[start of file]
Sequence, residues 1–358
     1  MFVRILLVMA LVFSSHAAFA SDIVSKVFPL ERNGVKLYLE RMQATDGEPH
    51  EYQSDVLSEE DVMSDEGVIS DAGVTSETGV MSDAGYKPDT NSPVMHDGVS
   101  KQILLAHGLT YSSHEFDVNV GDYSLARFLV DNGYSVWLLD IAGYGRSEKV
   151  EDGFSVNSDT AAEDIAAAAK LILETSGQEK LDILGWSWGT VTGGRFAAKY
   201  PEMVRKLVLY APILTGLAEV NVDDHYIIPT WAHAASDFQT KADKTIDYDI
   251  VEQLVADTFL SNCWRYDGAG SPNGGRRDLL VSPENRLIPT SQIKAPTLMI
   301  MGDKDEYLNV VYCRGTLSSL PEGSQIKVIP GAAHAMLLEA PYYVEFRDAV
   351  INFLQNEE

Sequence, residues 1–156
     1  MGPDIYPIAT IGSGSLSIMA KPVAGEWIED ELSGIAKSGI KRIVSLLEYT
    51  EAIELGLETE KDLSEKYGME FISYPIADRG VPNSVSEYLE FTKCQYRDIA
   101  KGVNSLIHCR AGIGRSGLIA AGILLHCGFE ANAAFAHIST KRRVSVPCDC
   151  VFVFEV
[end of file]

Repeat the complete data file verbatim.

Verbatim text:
Sequence, residues 1–358
     1  MFVRILLVMA LVFSSHAAFA SDIVSKVFPL ERNGVKLYLE RMQATDGEPH
    51  EYQSDVLSEE DVMSDEGVIS DAGVTSETGV MSDAGYKPDT NSPVMHDGVS
   101  KQILLAHGLT YSSHEFDVNV GDYSLARFLV DNGYSVWLLD IAGYGRSEKV
   151  EDGFSVNSDT AAEDIAAAAK LILETSGQEK LDILGWSWGT VTGGRFAAKY
   201  PEMVRKLVLY APILTGLAEV NVDDHYIIPT WAHAASDFQT KADKTIDYDI
   251  VEQLVADTFL SNCWRYDGAG SPNGGRRDLL VSPENRLIPT SQIKAPTLMI
   301  MGDKDEYLNV VYCRGTLSSL PEGSQIKVIP GAAHAMLLEA PYYVEFRDAV
   351  INFLQNEE

Sequence, residues 1–156
     1  MGPDIYPIAT IGSGSLSIMA KPVAGEWIED ELSGIAKSGI KRIVSLLEYT
    51  EAIELGLETE KDLSEKYGME FISYPIADRG VPNSVSEYLE FTKCQYRDIA
   101  KGVNSLIHCR AGIGRSGLIA AGILLHCGFE ANAAFAHIST KRRVSVPCDC
   151  VFVFEV